Sometimes the news of a loved one passing isn’t a surprise. But death always renders you breathless for a moment. I received the news yesterday, that my great aunt passed peacefully. I knew, when I saw my mother’s name on my phone that this was the news she was delivering to me.
It is in these moments when I question my decision to be on the other side of the world. The distance become vast, connection seems inaccessible.
My great aunt wasn’t just great because of lineage, she was a really Great soul in the world – everyone knew that. She was honest and real and funny as hell. A significant chunk of my childhood was spent at her house on the lake, with my 2nd cousins. Those moments sit in my life story as safe places.
I can’t be home for her funeral and last night I was struck by the need to memorialize her. Words kept me awake at night, reminding me.
The music lulls
when one is called away.
When it is heard I stop, skip a breath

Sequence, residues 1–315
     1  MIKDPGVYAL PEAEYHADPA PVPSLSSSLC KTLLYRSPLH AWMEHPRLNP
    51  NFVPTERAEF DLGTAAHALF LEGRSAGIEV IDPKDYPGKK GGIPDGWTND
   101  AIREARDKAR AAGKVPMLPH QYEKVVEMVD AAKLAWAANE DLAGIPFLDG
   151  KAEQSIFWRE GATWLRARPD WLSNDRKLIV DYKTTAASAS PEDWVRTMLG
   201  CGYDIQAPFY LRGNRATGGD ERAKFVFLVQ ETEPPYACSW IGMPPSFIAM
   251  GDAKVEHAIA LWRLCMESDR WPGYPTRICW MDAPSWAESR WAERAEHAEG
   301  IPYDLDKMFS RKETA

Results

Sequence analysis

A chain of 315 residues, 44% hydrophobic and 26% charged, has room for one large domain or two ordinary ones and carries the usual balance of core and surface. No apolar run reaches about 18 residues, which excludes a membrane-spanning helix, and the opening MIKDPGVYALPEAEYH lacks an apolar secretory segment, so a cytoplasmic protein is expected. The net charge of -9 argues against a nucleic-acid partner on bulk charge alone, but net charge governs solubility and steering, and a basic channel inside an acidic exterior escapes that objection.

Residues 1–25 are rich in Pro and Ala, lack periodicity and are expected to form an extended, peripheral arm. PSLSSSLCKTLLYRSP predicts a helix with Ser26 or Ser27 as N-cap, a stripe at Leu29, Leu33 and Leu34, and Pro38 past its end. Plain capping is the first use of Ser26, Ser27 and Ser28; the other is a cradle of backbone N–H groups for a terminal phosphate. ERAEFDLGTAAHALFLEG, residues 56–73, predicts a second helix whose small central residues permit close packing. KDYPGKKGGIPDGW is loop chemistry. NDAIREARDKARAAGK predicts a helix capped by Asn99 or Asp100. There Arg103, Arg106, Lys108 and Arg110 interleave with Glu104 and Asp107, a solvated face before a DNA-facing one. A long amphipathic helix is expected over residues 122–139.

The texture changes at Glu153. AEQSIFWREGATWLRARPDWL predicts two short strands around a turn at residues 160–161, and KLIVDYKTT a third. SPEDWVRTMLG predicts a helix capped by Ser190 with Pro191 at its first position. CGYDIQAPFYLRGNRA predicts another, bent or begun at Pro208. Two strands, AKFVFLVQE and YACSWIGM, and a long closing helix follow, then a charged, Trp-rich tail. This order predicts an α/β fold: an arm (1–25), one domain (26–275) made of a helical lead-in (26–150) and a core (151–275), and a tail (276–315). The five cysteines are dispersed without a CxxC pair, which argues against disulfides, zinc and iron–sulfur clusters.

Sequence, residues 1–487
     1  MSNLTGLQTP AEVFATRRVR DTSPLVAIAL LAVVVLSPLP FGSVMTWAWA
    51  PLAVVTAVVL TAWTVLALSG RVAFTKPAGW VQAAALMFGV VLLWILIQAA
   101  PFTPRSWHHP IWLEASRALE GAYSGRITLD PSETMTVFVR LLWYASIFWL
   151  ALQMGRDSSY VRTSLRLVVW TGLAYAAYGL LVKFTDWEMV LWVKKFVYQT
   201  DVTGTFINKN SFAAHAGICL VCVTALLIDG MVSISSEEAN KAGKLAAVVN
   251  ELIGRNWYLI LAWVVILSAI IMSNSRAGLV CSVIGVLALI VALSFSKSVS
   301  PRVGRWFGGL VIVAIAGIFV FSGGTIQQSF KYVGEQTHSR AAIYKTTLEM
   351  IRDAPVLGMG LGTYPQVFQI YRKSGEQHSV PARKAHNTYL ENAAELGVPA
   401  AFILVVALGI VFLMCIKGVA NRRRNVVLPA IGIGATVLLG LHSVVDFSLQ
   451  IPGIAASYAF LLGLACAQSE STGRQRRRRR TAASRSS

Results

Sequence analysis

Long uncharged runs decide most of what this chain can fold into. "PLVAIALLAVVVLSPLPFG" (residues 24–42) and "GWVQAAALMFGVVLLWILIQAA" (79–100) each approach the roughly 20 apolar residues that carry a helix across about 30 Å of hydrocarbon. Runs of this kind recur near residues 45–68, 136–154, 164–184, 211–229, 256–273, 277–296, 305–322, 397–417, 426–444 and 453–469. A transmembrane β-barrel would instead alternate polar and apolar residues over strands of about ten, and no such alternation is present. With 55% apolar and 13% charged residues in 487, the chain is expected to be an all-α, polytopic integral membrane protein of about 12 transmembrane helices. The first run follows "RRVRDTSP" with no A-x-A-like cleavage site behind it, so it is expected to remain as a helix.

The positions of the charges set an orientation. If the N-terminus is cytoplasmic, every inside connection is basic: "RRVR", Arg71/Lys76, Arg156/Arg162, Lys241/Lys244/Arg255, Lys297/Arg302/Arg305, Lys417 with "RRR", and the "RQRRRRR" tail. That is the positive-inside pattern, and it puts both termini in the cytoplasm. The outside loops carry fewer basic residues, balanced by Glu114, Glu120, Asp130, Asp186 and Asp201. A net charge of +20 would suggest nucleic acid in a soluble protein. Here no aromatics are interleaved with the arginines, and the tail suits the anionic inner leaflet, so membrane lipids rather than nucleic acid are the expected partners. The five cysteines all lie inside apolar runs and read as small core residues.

and then reach for a deeper one.
A note dropped in my life song.
The beauty of memory is access,
but to recall means we have to reach out
with nothing to hold.
Now memory is all we have.
Nostalgia creeps in and pushes forth tears.
I suddenly feel the safety of my childhood
and how invested in you it was.
We grow and form our life, but we never forget who forms us.
A childhood of summers by the lake,
gangly kids rolling sideways down the hill
hide-n-seek in the yard.
A lost tooth by the tarzan rope
Golden Syrup Dumplings.
Happiness was in your home.
Home was in your happiness.
My chest is weighted as I
only remember your smile, your raspy laugh
and dry humor – slow to land when you’re 10 years old,
brilliant and sharp when you’re 34.
But your love landed in an instant.
I sit on different soil, miles away from family
but love doesn’t track distance, nor does sorrow
Love only loves and sorrow only reminds us how much
we can love.
How much you did Love.
On the other side,
Rest now in the arms that were always meant to hold you.
You held out yours for so long,
and I sit, head bowed, heart lifted